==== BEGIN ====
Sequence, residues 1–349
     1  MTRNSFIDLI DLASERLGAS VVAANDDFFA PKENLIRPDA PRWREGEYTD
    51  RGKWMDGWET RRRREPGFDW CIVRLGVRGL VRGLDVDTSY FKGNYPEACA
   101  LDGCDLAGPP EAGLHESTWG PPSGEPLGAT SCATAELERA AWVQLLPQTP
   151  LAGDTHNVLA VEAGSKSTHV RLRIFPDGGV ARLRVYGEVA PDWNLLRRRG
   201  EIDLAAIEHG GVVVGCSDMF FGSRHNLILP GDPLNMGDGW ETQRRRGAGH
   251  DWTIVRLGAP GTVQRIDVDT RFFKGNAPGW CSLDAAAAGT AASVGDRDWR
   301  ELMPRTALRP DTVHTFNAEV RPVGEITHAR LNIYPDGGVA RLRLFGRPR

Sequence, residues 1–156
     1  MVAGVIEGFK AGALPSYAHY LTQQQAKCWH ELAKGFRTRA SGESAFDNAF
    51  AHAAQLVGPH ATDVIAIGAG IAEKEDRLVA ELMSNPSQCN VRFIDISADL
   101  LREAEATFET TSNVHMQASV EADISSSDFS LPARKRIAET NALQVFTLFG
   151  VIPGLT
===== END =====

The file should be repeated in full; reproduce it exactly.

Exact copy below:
Sequence, residues 1–349
     1  MTRNSFIDLI DLASERLGAS VVAANDDFFA PKENLIRPDA PRWREGEYTD
    51  RGKWMDGWET RRRREPGFDW CIVRLGVRGL VRGLDVDTSY FKGNYPEACA
   101  LDGCDLAGPP EAGLHESTWG PPSGEPLGAT SCATAELERA AWVQLLPQTP
   151  LAGDTHNVLA VEAGSKSTHV RLRIFPDGGV ARLRVYGEVA PDWNLLRRRG
   201  EIDLAAIEHG GVVVGCSDMF FGSRHNLILP GDPLNMGDGW ETQRRRGAGH
   251  DWTIVRLGAP GTVQRIDVDT RFFKGNAPGW CSLDAAAAGT AASVGDRDWR
   301  ELMPRTALRP DTVHTFNAEV RPVGEITHAR LNIYPDGGVA RLRLFGRPR

Sequence, residues 1–156
     1  MVAGVIEGFK AGALPSYAHY LTQQQAKCWH ELAKGFRTRA SGESAFDNAF
    51  AHAAQLVGPH ATDVIAIGAG IAEKEDRLVA ELMSNPSQCN VRFIDISADL
   101  LREAEATFET TSNVHMQASV EADISSSDFS LPARKRIAET NALQVFTLFG
   151  VIPGLT